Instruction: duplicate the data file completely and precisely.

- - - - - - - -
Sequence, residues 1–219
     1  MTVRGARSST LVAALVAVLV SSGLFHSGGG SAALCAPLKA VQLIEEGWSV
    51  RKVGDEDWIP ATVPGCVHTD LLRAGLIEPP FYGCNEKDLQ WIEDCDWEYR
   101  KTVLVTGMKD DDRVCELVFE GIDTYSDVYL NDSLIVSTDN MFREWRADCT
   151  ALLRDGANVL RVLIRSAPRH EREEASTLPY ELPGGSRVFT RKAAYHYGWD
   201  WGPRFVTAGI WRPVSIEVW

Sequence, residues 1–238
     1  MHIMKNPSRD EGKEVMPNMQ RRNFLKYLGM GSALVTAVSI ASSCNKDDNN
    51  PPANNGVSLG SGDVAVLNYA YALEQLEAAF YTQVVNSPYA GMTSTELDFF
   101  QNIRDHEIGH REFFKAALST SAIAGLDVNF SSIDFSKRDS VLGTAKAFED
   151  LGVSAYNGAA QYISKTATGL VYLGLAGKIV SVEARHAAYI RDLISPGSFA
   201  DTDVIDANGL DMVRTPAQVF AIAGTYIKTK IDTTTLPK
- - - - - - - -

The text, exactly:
Sequence, residues 1–219
     1  MTVRGARSST LVAALVAVLV SSGLFHSGGG SAALCAPLKA VQLIEEGWSV
    51  RKVGDEDWIP ATVPGCVHTD LLRAGLIEPP FYGCNEKDLQ WIEDCDWEYR
   101  KTVLVTGMKD DDRVCELVFE GIDTYSDVYL NDSLIVSTDN MFREWRADCT
   151  ALLRDGANVL RVLIRSAPRH EREEASTLPY ELPGGSRVFT RKAAYHYGWD
   201  WGPRFVTAGI WRPVSIEVW

Sequence, residues 1–238
     1  MHIMKNPSRD EGKEVMPNMQ RRNFLKYLGM GSALVTAVSI ASSCNKDDNN
    51  PPANNGVSLG SGDVAVLNYA YALEQLEAAF YTQVVNSPYA GMTSTELDFF
   101  QNIRDHEIGH REFFKAALST SAIAGLDVNF SSIDFSKRDS VLGTAKAFED
   151  LGVSAYNGAA QYISKTATGL VYLGLAGKIV SVEARHAAYI RDLISPGSFA
   201  DTDVIDANGL DMVRTPAQVF AIAGTYIKTK IDTTTLPK